From NBC's Ken Strickland
Senate Majority Leader Harry Reid appears to have a solid game plan for getting the health-care bill passed before Christmas. But it's all for naught unless he addresses some fundamental acts of legislating: writing the bill, counting the votes, and crunching the numbers.
While the monumental votes won't start until the early morning hours of Monday, a Saturday morning deadline looms large for several members of the Senate Democratic conference.
On Saturday morning on the Senate floor, Reid must introduce the most crucial part of his health-care bill, the so-called "managers' amendment." That portion of the bill will include all the last-minute fixes, most importantly stripping the public option and language restricting federal funding of abortions.
But with hours to go, Reid has yet to write a key part of the bill: the abortion provision. Democratic moderate Sen. Ben Nelson says he won't vote for the bill unless he's comfortable with more restrictive language. Without his support, Reid lacks the 60 votes he needs to pass the bill.
Another missing link in the bill is cost. President Obama stressed to Congress that the bill shouldn't cost more than $900 billion and not increase the deficit by "one dime." Again, with hours to go, Reid has not presented a cost estimate from the nonpartisan Congressional Budget Office. The guidance from the Democratic leadership is that the CBO numbers would come out today (but we've been hearing that for days now).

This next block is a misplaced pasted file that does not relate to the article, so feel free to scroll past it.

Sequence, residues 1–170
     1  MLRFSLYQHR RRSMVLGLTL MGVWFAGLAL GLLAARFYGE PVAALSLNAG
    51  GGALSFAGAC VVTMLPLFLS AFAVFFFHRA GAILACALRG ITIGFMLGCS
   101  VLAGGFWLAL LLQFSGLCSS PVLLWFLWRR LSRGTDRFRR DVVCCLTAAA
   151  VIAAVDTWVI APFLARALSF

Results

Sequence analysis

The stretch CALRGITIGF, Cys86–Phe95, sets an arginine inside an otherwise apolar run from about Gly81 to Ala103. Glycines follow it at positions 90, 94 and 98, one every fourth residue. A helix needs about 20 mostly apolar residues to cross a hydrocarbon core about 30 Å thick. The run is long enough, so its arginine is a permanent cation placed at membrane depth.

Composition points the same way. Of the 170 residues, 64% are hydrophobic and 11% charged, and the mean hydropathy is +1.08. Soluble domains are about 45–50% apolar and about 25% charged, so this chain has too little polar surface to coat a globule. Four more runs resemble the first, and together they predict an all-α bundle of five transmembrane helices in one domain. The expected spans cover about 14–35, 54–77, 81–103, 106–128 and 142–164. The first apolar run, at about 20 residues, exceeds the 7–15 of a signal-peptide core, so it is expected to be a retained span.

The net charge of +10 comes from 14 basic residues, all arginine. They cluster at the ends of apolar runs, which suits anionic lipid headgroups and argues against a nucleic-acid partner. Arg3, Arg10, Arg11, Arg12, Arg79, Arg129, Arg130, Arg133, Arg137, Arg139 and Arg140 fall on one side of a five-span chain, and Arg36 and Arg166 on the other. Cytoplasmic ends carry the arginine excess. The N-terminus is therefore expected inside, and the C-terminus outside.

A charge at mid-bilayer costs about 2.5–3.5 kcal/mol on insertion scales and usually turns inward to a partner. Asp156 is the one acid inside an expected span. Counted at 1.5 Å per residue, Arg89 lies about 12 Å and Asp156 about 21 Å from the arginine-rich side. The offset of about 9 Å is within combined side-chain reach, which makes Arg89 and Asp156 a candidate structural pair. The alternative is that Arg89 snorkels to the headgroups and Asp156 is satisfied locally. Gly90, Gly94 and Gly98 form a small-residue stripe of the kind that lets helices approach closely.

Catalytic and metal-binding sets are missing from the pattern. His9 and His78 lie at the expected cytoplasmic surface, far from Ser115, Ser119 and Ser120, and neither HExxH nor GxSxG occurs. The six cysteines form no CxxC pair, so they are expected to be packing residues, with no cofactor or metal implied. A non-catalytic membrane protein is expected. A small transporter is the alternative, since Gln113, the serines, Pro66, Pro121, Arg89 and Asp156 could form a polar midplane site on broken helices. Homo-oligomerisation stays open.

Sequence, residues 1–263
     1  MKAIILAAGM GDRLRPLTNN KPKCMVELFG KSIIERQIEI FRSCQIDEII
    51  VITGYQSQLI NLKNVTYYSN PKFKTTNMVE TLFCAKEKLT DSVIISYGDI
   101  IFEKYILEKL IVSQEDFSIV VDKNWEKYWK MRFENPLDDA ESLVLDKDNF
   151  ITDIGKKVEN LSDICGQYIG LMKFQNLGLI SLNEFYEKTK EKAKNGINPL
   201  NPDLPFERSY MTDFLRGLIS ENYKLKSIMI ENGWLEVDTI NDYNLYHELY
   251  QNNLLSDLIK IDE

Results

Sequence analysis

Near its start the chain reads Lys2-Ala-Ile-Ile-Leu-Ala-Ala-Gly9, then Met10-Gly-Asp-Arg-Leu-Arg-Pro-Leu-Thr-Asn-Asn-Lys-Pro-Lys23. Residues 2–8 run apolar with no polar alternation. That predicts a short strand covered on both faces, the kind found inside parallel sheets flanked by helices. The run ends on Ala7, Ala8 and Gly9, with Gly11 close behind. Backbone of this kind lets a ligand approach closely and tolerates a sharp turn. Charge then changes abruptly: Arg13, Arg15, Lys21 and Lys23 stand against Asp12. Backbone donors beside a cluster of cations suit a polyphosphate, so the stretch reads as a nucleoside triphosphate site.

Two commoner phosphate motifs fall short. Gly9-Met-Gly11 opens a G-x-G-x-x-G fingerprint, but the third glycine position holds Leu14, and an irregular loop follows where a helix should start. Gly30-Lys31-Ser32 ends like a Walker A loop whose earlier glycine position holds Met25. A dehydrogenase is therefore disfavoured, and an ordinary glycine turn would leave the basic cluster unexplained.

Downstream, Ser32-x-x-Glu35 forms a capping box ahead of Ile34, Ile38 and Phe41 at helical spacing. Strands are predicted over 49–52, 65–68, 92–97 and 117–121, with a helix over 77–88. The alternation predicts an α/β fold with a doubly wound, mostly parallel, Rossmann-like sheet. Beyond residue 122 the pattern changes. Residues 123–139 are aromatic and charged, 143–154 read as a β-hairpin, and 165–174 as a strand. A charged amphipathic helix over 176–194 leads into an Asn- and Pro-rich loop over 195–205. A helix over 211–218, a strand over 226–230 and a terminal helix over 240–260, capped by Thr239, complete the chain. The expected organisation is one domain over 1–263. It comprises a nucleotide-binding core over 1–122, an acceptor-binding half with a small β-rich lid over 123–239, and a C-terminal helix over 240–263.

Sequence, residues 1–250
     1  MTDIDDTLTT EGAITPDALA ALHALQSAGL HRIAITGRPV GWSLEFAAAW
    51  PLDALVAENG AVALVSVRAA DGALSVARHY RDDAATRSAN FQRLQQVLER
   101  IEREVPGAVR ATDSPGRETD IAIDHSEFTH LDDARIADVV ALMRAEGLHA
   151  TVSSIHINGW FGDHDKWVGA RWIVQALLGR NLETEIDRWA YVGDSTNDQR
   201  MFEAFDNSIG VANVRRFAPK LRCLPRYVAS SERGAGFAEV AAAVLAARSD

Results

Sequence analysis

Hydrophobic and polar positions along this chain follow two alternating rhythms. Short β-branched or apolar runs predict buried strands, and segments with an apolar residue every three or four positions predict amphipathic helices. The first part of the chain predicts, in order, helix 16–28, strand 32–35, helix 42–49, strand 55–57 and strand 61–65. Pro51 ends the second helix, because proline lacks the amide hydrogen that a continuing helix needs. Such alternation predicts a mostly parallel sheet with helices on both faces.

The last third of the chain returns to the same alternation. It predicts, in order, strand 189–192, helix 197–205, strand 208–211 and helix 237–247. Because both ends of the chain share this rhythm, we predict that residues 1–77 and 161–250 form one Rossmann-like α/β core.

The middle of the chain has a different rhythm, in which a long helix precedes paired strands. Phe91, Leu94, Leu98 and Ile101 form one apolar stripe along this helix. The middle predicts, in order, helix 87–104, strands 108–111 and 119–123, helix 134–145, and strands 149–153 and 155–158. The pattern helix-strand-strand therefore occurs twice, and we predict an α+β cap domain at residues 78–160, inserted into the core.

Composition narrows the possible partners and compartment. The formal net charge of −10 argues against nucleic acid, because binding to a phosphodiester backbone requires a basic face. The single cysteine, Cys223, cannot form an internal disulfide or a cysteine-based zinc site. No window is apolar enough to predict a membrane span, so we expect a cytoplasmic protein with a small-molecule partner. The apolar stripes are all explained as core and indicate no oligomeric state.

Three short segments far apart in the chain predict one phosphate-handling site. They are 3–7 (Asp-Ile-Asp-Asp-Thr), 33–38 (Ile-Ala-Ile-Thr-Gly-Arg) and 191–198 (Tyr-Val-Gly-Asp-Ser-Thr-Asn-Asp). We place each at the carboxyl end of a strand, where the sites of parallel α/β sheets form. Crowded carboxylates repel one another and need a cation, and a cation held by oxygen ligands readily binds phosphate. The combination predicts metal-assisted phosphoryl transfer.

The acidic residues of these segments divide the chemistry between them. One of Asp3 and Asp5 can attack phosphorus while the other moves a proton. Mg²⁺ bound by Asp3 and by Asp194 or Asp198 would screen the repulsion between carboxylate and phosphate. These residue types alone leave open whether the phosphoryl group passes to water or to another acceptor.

For many fiscally conservative Democratic senators like Nelson, Evan Bayh, Blanche Lincoln, and Kent Conrad, the bill is as much about money as it is about medicine. Would they vote for a bill that has a price tag of $1 trillion or more?
And at last, one liberal senator has not committed to vote for the bill. Independent Sen. Bernie Sanders said bill lacks a public option and is a giveaway of million of dollars to pharmaceutical and insurance companies. Again, without Nelson and Sanders on board, Reid is short votes.
When the unfinished portion of the health-care bill is finally written, America will have the chance to hear every written word of it. Republicans have again promised to make the Senate clerk read aloud every page of the amendment -- a process that could that several hours. And as long as a single Republican objects, Reid is powerless to stop it.